Lebanon homeowner fights for a fix after water main break

Amy Houston experienced a water main break that dumped gallons of water onto her house and property. (WTHR)
Water Main Break in Lebanon Damages Home
Home damaged after water main break
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LEBANON, Ind. (WTHR) — A Lebanon homeowner contacted 13 Investigates and is fighting for a fix, after a city water main broke and caused damage to her home.

Even though that water main originated on city property, the homeowner is being told she's the one responsible for expensive repairs.

In the middle of the night on July 4, Amy Houston woke up to a boom.

A surging city water main broke in the middle of Syracuse Street, drenching and damaging her Lebanon home.

Amy Houston (WTHR)

"I thought it was a tornado at first, it was so loud," Houston said. "Just aiming straight at my house, at the bay window. The water and the rocks. The pressure was so much."

Thousands of gallons of water aimed right at her house for an hour and a half, damaging the roof, breaking out windows and totaling two cars.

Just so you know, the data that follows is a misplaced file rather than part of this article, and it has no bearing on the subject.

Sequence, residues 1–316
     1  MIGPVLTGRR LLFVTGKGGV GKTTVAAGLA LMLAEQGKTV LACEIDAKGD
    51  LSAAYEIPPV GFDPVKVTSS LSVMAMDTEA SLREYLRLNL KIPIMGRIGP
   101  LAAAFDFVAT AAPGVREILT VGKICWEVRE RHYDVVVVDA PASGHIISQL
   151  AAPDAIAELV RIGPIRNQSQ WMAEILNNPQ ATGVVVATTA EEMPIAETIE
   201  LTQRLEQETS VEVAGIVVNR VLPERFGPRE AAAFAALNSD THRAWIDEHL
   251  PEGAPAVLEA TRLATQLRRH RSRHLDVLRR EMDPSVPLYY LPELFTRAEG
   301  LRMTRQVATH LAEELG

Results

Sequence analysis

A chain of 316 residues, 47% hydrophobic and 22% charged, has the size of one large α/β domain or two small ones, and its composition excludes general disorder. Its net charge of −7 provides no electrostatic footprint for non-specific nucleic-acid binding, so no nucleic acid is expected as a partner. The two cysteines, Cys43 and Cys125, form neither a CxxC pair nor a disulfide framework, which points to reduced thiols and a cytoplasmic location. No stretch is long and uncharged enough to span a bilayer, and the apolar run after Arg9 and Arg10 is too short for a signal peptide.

"There's glass all inside. It ruined some of my stuff in there," Houston said, pointing at her vehicle that after the damage, doesn't even run. "The water actually went all the way up to the seats in the front and the back."

But even worse, this single mom is being told she's on the hook to pay for a fix.

Her homeowners insurance denied the claim since it wasn't a natural disaster.

And the insurance company for the city of Lebanon just denied the claim too, saying the city has "discretionary immunity" — no negligence and no liability to pay damages.

"I'm beyond frustrated," Houston said. "We can't afford to repair this, you know. Not everybody has an extra $20,000 in their back pocket. And you expect to be taken care of because I mean it's the city. It was in the center of the street."

Plus, those decades old pipes have burst before, this summer in fact.

Neighbors took a picture of water in the street in June, after they say another section of water main broke nearby.

Amy said city leaders have been kind and helpful over the past few weeks.

And the Lebanon Utilities director tells 13 Investigates this isn't over yet, that the city is still investigating and talking with the insurance company.

But for now, Amy feels stuck with damage she didn't cause.

"I'm just... I'm tired of crying," she said through tears.

Amy now plans to get an attorney involved in hopes of getting that damage paid for.